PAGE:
Also often referred to simply as lupus, this is an autoimmune disorder that causes chronic inflammation in various parts of the body. Three main types of lupus are recognized—discoid, systemic, and drug-induced.Discoid lupus affects only the skin and does not usually involve internal organs. The term discoid refers to a rash of distinct reddened patches covered with grayish brown scales that may appear on the face, neck, and scalp. In about 10 percent of people with discoid lupus, the disease will evolve into the more severe systemic form of the disorder.Systemic lupus erythematosus is the most common form of the disease. It may affect virtually any organ or structure of the body, especially the skin, kidneys, joints, heart, gastrointestinal tract, brain, and serous membranes (membranous linings of organs, joints, and cavities of the body.) While systemic lupus can affect any area of the body, most people experience symptoms in only a few organs. The skin rash, if present, resembles that of discoid lupus. In general, no two people will have identical symptoms. The course of the disease is also variable and is marked by periods when the disease is active and by other periods when symptoms are not evident (remission).
Lupus erythematosus is a name given to a collection of autoimmune diseases, in which the human immune system becomes hyperactive and attacks normal, healthy tissues. Symptoms of these diseases can affect many different body systems, including joints, skin, kidneys, blood cells, heart, and lungs.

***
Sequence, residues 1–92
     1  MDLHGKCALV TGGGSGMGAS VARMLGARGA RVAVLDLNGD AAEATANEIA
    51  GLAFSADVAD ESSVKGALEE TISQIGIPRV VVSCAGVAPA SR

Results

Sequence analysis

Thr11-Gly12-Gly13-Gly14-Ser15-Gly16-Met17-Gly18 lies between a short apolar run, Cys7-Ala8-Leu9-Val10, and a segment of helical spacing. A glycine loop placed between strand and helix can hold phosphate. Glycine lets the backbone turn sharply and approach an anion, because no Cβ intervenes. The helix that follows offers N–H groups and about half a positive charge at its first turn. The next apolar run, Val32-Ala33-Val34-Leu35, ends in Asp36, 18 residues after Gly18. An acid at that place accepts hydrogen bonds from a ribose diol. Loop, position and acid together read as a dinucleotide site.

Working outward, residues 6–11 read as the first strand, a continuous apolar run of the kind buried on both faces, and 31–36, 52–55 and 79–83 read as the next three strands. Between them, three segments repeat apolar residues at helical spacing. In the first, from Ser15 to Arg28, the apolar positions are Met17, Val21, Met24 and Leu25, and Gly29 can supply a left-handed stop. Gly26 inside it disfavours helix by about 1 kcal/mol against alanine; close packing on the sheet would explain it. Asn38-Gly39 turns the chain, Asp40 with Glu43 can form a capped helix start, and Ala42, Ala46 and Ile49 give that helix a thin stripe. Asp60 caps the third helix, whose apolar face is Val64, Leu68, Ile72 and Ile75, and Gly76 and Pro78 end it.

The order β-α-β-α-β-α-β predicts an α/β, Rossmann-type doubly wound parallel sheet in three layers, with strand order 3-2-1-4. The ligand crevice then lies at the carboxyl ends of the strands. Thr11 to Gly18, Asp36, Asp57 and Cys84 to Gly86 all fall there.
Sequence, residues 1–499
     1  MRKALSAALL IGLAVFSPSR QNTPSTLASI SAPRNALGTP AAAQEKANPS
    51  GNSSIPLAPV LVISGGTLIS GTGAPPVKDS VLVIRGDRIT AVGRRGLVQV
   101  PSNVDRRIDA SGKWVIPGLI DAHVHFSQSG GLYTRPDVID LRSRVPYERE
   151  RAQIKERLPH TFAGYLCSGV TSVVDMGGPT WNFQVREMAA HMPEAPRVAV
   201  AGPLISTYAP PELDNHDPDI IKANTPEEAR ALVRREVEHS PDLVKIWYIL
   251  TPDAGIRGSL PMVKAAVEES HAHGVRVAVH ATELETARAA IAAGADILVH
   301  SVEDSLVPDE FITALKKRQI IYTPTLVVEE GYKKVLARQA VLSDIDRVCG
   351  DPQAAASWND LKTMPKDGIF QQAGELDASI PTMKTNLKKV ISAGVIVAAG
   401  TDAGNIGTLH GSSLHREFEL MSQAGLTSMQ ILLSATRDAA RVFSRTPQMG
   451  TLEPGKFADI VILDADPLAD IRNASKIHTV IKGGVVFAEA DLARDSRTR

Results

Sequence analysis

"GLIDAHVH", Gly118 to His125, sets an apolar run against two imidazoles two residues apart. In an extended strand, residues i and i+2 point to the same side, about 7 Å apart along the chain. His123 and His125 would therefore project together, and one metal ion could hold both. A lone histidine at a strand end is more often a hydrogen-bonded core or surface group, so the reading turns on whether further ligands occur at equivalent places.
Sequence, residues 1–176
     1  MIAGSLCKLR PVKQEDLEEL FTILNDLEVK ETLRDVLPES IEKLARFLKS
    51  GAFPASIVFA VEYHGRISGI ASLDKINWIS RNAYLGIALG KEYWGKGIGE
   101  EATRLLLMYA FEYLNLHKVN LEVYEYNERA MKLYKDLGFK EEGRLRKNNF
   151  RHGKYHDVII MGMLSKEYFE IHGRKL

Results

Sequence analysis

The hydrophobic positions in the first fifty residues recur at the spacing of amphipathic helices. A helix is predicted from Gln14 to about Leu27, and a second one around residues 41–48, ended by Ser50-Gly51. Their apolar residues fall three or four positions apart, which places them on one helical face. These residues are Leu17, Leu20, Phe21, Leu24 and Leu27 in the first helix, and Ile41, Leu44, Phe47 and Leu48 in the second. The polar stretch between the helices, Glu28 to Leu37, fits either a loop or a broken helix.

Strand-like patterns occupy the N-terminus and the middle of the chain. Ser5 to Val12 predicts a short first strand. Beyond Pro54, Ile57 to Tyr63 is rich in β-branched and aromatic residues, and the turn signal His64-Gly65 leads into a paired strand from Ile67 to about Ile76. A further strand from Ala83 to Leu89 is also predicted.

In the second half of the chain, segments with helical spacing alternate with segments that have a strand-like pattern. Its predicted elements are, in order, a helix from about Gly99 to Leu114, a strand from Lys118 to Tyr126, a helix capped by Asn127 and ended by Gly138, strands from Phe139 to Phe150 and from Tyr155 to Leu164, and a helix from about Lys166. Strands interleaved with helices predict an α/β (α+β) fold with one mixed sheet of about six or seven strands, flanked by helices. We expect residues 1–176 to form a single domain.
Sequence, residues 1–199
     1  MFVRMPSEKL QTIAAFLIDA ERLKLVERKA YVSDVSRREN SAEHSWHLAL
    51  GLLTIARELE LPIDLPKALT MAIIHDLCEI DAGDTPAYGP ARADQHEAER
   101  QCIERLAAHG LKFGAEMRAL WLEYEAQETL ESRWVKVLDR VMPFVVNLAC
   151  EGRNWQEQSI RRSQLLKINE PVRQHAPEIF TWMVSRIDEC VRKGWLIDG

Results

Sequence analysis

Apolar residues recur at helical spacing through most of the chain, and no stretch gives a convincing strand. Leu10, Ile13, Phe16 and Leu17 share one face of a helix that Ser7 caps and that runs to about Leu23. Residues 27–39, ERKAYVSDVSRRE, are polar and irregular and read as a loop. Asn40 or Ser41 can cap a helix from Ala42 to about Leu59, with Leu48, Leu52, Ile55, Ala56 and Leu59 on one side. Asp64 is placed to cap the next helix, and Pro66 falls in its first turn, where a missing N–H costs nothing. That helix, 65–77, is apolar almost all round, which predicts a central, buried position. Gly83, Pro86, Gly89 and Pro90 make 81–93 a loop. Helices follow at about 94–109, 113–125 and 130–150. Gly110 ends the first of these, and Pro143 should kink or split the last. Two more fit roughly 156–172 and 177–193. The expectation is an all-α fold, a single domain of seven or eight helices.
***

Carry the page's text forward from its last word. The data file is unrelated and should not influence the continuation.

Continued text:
Symptoms vary from person to person, and may come and go. Almost everyone with Lupus has joint pain and swelling. Some develop arthritis. Frequently affected joints are the fingers, hands, wrists, and knees. Other common symptoms include:
- Chest pain when taking a deep breath
- Fever with no other cause
- General discomfort, uneasiness, or ill feeling (malaise)
- Hair loss
- Mouth sores
- Sensitivity to sunlight
- Skin rash – a “butterfly” rash in about half people with SLE.
- Swollen lymph nodes
Photosensitivity is a known symptom of lupus, but its relationship to and influence on other aspects of the disease remain to be defined. Causes of photosensitivity may include:
change in autoantibody location
inducing apoptosis with autoantigens in apoptotic blebs
upregulation of adhesion molecules and cytokines
inducing nitric oxide synthase expression
ultraviolet-generated antigenic DNA.
Tumor necrosis factor alpha also seems to play a role in the development of photosensitivity.
Treatment consists primarily of immunosuppressive drugs (e.g., hydroxychloroquine and corticosteroids). In 2011, the U.S. Food and Drug Administration (FDA) approved the first new drug for Lupus in more than 50 years to be used in the US, Belimumab
An estimated 5 million people worldwide have some form of Lupus.
70% of Lupus cases diagnosed are Systemic Lupus Erythematosus.
20%of people with lupus will have a parent or sibling who already has lupus or may develop lupus.
About 5% of the children born to individuals with lupus will develop the illness.
Systemic Lupus Erythematosus
Affects UK females far more than males at a ratio of 7:1, that is to say females are 7 times more likely to have the disease.
The estimated number of UK females with SLE is 21,900, and UK males with Lupus is 3000 – a total of 24,700, or 0.041% of the population.
SLE is more common amongst certain ethnic groups than others, especially those of African origin.
Systemic Lupus Erythematosus:
Occurs from infancy to old age, with peak occurrence between ages 15 and 40.
Affects US females far more than males at a ratio of 6-10:1, that is to say females are 6-10 times more likely to have the disease.
Prevalence data is limited. Estimates vary and range from 1.8 to 7.6 cases per 100,000 persons per year in parts of the continental United States.
Lupus is two to three times more prevalent among women of color – African Americans, Hispanics/Latinos, Asians, Native Americans, Alaska Natives, Native Hawaiians and other Pacific Islanders – than among Caucasian women.
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